Anglos and Allos find this resolution racist and offensive, as do First Nations who have all been unceremoniously lumped together in one homogenous category. The very text of it is nonsense, because it states that Quebec has a single unique cultural and linguistic tradition. This is a mythology in and of itself. Quebec was founded by many different peoples, and is now made up of a multi-lingual, multi-cultural, and multi-religious society. Think about it: could you call Toronto a "nation"?
Under the auspices of your resolution, you could. But you chickened out when answering the Newfoundland question, because you said that while it was possible to say they were a nation, they weren't really, at least not as much as Quebec. So, all "nations" are equal, but some are more equal than others?
On an internal level, the resolution angered a lot of Libs because a) it was brought forward in an undemocratic manner, at the expense of other resolutions, b) it was pushed through by the Iggy supporters, c) it has now ruined our convention by making this non-issue the focus.
You plea for people to support the resolution is (obviously) an attempt to save your candidate from the utter humiliation he will face when it is defeated, but also reflects the same veiled threats that seps always use to make their demands. Namely, that we will touch off a crisis in Quebec if we don't pass it, yada yada yada. The whole "poor Quebec" tone of your argument also reminds me of Jean LaPierre's whininess right before he dumped us and formed the BQ.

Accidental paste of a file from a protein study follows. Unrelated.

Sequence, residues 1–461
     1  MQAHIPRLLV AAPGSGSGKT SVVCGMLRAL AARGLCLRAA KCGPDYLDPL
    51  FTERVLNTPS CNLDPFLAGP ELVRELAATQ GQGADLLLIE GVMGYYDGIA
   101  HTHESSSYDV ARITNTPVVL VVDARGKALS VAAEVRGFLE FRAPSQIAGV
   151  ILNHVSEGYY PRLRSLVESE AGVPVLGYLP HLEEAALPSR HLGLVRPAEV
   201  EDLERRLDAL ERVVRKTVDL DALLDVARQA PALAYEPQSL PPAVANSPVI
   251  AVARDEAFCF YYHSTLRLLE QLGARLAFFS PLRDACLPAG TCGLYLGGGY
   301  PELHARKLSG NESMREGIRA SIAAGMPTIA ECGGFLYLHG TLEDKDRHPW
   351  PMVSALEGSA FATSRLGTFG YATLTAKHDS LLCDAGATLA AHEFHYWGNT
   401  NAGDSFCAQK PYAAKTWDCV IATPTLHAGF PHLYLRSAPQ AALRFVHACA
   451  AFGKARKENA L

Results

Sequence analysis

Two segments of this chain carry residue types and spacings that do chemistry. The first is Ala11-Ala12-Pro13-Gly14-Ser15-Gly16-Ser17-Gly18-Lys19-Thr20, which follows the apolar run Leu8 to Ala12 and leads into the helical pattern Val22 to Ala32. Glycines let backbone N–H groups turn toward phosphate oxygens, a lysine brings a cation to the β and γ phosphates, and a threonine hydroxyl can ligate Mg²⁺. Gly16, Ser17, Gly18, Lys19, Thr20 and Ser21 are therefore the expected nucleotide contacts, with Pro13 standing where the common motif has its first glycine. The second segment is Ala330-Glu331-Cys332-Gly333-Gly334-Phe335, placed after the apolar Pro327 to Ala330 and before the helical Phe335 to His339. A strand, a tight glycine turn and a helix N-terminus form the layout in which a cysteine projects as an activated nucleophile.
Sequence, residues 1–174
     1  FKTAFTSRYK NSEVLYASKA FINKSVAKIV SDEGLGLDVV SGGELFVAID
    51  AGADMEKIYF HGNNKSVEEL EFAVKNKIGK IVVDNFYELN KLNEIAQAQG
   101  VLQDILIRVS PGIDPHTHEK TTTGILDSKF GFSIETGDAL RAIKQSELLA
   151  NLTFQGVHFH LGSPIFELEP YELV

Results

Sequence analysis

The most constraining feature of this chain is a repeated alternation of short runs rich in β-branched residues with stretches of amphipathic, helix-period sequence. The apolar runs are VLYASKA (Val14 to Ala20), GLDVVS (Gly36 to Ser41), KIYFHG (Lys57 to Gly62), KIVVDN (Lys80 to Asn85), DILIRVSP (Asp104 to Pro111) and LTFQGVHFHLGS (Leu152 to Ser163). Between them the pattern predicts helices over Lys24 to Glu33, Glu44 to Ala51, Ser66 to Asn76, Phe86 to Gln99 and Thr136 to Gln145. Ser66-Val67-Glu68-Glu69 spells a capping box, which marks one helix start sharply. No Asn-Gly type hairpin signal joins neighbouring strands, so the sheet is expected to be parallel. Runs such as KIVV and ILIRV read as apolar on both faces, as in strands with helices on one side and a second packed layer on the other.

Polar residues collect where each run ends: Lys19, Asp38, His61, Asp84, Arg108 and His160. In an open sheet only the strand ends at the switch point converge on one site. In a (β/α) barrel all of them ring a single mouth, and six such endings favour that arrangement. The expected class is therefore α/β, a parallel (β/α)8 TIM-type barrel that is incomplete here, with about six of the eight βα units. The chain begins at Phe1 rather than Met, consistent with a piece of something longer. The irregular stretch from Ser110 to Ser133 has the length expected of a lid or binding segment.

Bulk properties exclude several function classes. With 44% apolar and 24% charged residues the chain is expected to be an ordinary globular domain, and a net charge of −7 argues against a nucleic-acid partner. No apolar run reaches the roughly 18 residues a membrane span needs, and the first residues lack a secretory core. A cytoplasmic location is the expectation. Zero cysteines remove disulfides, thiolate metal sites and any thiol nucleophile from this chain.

If you really care about this party, the best thing to do is put partisanship aside and support the Quebec resolution to nullify all resolutions coming out of the fateful Council, because they were not the ones we were supposed to be bringing to convention, and we will be violating our own party's constitution if we do so.
Ladies and Gents, if you care for the Liberal Party, and for Canada, support THIS resolution.

11/07/2006 1:07 p.m.  
Blogger Ed King a dit...

For a man who supported something far more dangerous in 1990, this is a little rich.

Yes that's right, he supported the Charlottetown Accord, and it failed miserably, plunging Canada into its most severe national unity crisis. Maybe that's why he doesn't want to rush into that kind of adventure again without the "winning conditions" in place.

This resolution was brought forward by an Ignatieff supporter and amended by a Dion supporter, with a spirit of co-operation because this resolution is not about leadership, but about reconciling a historical fact.